New research published in Presidential Studies Quarterly provides evidence that racial resentment was a significant predictor of personal economic evaluations among white voters in 2012 and 2016. The findings suggest that how people judge their economic situation is not only influenced by partisan bias, but also by racial bias.
“My colleague, Dr. Angie Maxwell, and I were working on a larger project examining the evolution of politics in the South and how those fundamental changes continue to drive political outcomes across the entire country, including our current crises,” said study author Todd Shields, a political science professor at the University of Arkansas.
“That project resulted in, The Long Southern Strategy: How Chasing White Voters in the South Changed American Politics (Oxford University Press, 2019). We were surprised to find, among white Americans, that some of our most financially ‘well off’ participants in post-presidential election surveys in 2012 and 2016 also reported that their financial situation had gotten worse during the past year and they expected their financial situations to be even worse during the next year.”
“We wondered why white participants who were employed with a high family income would simultaneously report that they were ‘worse off’ and that they expected their financial situations would continue to decline,” Shields told PsyPost.
For their study, the researchers analyzed data from two nationwide Blair Center surveys, which included 7,274 respondents in total and were conducted about one week after the 2012 and 2016 presidential elections. They also examined data from 6,556 white Americans who participated in the 2012 or 2016 American National Election Studies.
Racial resentment was assessed by asking the respondents how much they agreed or disagreed with statements such as “Generations of slavery and discrimination have created conditions that make it difficult for blacks to work their way out of the lower class” and “It’s really a matter of some people not trying hard enough; if blacks would only try harder they could be just as well off as whites.”
All four surveys showed a similar pattern of results. In 2012, following the re-election of Barack Obama, those higher in racial resentment were more likely to say that their economic situation had declined over the past year and were less likely to believe that their economic situation would improve in the near future.
But in 2016, when Barack Obama was leaving the White House and Donald Trump was preparing to become president, racially resentful respondents were more likely to express optimistic economic outlooks compared to less racially resentful respondents.
This was true even after controlling for factors such as partisanship, ideology, income, unemployment, and approval of President Obama’s job performance.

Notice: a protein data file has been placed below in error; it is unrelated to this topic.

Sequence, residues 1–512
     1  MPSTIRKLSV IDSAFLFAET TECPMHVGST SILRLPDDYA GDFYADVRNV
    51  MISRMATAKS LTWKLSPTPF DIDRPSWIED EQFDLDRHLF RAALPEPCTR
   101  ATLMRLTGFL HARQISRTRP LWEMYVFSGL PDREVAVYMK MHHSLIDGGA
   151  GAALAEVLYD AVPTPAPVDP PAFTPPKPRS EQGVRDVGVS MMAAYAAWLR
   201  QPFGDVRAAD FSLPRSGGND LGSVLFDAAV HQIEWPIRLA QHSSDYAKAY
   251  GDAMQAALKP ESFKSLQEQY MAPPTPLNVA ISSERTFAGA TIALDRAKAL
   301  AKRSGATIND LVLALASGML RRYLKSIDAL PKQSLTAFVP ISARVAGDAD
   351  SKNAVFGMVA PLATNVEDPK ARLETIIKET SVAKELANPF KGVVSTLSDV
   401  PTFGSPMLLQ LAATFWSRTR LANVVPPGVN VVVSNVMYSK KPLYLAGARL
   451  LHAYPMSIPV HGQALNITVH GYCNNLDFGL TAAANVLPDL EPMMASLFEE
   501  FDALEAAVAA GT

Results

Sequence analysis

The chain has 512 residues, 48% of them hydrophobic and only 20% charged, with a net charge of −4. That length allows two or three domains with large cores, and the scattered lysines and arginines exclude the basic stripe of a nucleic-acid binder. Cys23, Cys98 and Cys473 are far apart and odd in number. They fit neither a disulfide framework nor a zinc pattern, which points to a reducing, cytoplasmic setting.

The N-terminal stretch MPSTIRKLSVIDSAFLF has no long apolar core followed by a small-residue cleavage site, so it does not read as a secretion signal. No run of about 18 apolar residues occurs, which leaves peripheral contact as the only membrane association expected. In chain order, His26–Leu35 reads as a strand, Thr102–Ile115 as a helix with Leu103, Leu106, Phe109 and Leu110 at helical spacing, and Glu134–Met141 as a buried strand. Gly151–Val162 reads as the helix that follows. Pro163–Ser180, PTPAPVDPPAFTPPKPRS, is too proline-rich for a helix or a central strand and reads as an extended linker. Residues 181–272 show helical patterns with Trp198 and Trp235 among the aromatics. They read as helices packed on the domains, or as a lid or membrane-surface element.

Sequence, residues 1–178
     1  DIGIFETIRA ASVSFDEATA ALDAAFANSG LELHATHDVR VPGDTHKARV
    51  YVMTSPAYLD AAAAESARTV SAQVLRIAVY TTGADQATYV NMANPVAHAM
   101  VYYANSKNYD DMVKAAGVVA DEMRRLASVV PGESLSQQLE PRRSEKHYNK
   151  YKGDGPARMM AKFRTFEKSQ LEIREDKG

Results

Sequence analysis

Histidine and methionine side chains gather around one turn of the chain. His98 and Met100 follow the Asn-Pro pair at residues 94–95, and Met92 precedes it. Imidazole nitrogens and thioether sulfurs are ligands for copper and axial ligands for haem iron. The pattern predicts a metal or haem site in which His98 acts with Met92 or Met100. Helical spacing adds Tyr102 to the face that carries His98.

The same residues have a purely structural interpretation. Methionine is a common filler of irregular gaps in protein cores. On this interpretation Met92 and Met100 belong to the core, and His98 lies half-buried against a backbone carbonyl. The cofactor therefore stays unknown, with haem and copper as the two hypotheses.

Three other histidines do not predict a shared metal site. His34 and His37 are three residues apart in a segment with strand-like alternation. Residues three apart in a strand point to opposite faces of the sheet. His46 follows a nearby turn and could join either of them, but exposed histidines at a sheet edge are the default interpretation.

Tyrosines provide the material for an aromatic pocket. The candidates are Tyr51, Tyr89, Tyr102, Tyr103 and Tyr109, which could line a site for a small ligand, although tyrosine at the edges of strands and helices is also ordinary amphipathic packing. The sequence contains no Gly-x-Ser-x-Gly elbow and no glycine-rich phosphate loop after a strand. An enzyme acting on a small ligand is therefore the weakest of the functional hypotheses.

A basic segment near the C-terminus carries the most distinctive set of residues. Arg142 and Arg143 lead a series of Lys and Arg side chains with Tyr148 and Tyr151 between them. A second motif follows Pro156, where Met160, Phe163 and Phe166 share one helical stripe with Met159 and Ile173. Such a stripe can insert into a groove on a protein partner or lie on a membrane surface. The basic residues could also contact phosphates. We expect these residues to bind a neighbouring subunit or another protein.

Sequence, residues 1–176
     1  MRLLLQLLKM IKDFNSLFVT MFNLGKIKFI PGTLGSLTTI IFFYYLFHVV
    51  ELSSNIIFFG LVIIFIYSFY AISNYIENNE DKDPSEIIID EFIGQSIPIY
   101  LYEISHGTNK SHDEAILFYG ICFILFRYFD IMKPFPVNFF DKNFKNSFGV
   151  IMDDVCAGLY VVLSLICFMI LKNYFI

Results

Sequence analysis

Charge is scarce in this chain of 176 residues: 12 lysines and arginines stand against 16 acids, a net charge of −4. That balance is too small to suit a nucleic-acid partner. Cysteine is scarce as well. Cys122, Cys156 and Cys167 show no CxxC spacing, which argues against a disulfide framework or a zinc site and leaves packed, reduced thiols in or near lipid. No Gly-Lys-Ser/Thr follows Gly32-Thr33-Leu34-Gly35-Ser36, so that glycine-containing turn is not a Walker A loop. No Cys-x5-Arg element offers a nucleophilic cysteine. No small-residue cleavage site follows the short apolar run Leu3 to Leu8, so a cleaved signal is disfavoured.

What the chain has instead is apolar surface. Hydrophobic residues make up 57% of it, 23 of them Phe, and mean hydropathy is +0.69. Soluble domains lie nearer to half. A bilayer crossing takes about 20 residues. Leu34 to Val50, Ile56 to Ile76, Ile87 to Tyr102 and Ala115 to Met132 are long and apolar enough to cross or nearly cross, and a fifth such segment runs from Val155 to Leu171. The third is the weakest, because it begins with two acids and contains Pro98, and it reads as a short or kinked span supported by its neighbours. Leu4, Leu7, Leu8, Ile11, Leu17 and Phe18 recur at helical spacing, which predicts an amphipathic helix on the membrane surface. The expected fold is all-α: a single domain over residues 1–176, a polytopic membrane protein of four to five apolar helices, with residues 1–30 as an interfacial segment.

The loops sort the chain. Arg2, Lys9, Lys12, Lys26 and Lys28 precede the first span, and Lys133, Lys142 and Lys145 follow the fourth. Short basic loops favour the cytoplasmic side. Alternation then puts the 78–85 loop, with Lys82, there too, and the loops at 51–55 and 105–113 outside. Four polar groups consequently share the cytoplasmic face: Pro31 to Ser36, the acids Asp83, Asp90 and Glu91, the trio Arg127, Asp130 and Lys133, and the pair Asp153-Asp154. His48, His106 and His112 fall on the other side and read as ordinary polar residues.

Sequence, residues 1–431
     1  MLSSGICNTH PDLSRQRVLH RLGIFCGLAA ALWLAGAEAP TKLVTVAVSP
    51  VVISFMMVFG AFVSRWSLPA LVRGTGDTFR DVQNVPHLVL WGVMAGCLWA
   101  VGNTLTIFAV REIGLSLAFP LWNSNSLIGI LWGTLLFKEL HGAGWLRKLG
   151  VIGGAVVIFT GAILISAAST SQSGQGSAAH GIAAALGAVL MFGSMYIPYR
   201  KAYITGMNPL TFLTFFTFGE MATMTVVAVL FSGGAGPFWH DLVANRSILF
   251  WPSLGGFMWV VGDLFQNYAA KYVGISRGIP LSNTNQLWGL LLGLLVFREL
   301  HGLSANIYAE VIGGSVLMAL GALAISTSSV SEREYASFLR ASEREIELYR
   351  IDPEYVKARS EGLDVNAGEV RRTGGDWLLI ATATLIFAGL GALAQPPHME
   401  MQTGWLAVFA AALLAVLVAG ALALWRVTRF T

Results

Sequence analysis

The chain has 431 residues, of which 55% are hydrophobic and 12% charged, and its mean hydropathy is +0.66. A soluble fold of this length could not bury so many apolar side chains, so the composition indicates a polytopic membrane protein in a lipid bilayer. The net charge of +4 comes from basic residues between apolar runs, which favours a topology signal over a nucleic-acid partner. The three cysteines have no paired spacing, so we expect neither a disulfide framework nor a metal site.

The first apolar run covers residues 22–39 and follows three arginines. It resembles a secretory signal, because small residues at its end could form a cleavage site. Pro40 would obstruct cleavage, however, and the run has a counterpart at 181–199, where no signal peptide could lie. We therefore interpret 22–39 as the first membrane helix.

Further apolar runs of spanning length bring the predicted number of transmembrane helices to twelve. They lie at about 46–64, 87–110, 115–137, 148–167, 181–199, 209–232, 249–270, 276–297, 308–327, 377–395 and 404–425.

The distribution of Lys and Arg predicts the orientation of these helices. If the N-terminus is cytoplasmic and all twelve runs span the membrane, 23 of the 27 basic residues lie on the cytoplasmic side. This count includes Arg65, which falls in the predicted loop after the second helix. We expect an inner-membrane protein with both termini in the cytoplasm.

“Political theorists, scholars of public opinion, and political observers argue that retrospective economic evaluations (What is your financial situation compared to a year ago?) and prospective economic evaluations (What do you think your financial situation will be a year from now?) are the basic evaluations citizens use to ‘reward or punish’ elected officials at the ballot box,” Shields told PsyPost.
“It is hoped that these economic evaluations are based on objective or ‘real’ personal economic considerations. What we find, however, is that at least during President Obama’s administration, some white participants’ economic evaluations were biased and based on their levels of racial resentment.”
“Despite controls for current economic standing, partisanship, ideology, and other alternative explanations, white respondents with substantial racial resentment were more pessimistic about their current and future economic outlooks. These findings suggest that in the 2012 and 2016 presidential elections, governmental representatives were unfairly evaluated and were ‘punished and rewarded’ not just on economic reality, but also on white Americans’ levels of racial resentment,” Shields explained.
“White respondents who expressed a great deal of racial resentment were more likely to view their economic situation in a negative light, despite their objective economic position, and despite controls for other influences.”
When it comes to the upcoming 2020 presidential election, the researchers believe a similar dynamic could be in effect.
“At this point, we are not sure if the presence of an African American president was a necessary condition to activate racial resentment and bias economic evaluations among whites in both the 2012 and 2016 presidential elections. While we currently do not have an African American in the White House, we are unfortunately experiencing significant racial tension across the country. It is possible that these racial tensions may activate racial resentment and bias evaluations among whites again during the upcoming presidential election,” Shields said.
The study, “Polls and Elections: Racial Resentment and Personal Economic Evaluations in the 2012 and 2016 Presidential Elections“, was authored by Todd Shields and Angie Maxwell.
(Official White House photo by Pete Souza)